Friday, May 25, 2012

On the Value of the Family

If ever you've wanted a bird's eye view of our culture, please, turn on the television and just start scrolling through the channels.  Each and every one of them reflects some aspect of our culture, and I'd be willing to bet that within all of about 20 seconds of scrolling, you'll come across a sitcom about a family of some sort, usually mildly dysfunctional, with a loving mother, idiot father, 3-4 children, suburban neighborhood, a distinctive neighbor for comic relief, and a trusty bar that gets visited at least twice per episode.

See what I mean?

Families are important to our society, sociologists tell us they are the basic cell of social living.  Despite what some conservative folks might say, everyone, even liberals, has family values.  Having some sort of family is part of being human, and everyone has some sort of idea of what a family ought to be (i.e., a "family value").  The difference between most "conservative" types and "liberal" types is that conservative tend to have more defined family values, while liberals (as they are in almost every circumstance) tend to leave it open for interpretation.  And there's a certain wisdom to be open-minded.  You can't eat without an open mouth, and you can't think without an open mind.  However, you'll find eating rather difficult if you never close your mouth, and thinking will be very unsatisfactory if you never close your mind around something.  Enter the family.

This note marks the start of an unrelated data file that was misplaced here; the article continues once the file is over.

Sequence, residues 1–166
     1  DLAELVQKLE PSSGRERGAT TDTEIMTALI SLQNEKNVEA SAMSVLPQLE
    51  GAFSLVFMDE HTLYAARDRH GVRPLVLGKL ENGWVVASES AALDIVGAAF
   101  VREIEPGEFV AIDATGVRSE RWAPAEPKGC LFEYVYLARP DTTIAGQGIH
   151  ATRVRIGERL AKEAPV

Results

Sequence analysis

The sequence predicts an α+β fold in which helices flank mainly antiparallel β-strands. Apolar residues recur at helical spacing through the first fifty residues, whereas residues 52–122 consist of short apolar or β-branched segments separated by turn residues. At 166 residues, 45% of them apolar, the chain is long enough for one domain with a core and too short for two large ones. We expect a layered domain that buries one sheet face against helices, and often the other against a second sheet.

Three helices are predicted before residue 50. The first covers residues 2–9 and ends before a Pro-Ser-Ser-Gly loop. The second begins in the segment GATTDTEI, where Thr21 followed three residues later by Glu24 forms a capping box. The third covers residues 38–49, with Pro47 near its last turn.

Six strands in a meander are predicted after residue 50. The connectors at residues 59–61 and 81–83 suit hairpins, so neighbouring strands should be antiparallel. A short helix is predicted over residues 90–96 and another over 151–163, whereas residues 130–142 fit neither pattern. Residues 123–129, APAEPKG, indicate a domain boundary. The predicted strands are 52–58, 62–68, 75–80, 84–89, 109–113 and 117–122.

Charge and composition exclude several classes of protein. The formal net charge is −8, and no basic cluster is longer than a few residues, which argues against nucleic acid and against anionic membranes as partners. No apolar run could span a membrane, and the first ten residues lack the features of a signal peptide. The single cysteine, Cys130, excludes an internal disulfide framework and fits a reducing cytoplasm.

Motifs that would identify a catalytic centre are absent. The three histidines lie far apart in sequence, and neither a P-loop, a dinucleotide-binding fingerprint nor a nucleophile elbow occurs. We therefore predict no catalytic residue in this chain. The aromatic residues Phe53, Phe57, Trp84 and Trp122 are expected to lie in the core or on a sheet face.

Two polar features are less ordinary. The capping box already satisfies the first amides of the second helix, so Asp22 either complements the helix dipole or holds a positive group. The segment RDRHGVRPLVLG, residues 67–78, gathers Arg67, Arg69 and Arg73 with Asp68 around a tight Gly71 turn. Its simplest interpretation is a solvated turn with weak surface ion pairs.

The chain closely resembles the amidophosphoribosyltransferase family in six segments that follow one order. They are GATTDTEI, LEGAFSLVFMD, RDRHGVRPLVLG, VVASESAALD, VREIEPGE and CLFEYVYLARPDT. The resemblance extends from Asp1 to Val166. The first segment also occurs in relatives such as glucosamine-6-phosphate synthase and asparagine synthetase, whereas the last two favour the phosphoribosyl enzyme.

For whatever reason, I find these stickers abominable.
The genius of the family is that it is the the only close companionship you don't get to choose.  In all the intimate friendships and encounters you'll experience in life, family is the only one that you have no choice in.  You don't get to choose who you're related to (spouses withholding).  In the family, you're forced to deal with people whose relationship to you is completely out of your control.  You're forced to be with people who you may or may not like, and the result is rather astounding.  You see, I think we take the sheer marvel of the family for granted.  Our families, often the most meaningful relationships we have, are forced on us.  When people lie on their death bed, they rarely say "I wish I would have been a more active member of the work community" or "I wish I would've done more the Knights of Columbus."  And not that there's anything wrong with work or the Knights of Columbus, but in many a dying breath, a person will call out for their family.  Our most beloved relationships, our greatest motivation, and the deepest affections of the heart are almost always the family.

Why is it that our families, our one significant captive relationship, inspires such deep love?  Well, because love and captivity go well together.  Love is a captivating force.  Within its very essence, it disregards safety and comfort in favor of vulnerability and captivity.  Humanity, as much as we like to think otherwise, loves to subjugate ourselves.  In the movie The Avengers (which, sadly, I've yet to see), Loki (evil God-like figure, taken from Norse mythology) gives a fascinating speech in Germany: 

Diabolically evil or not,
he's got a point.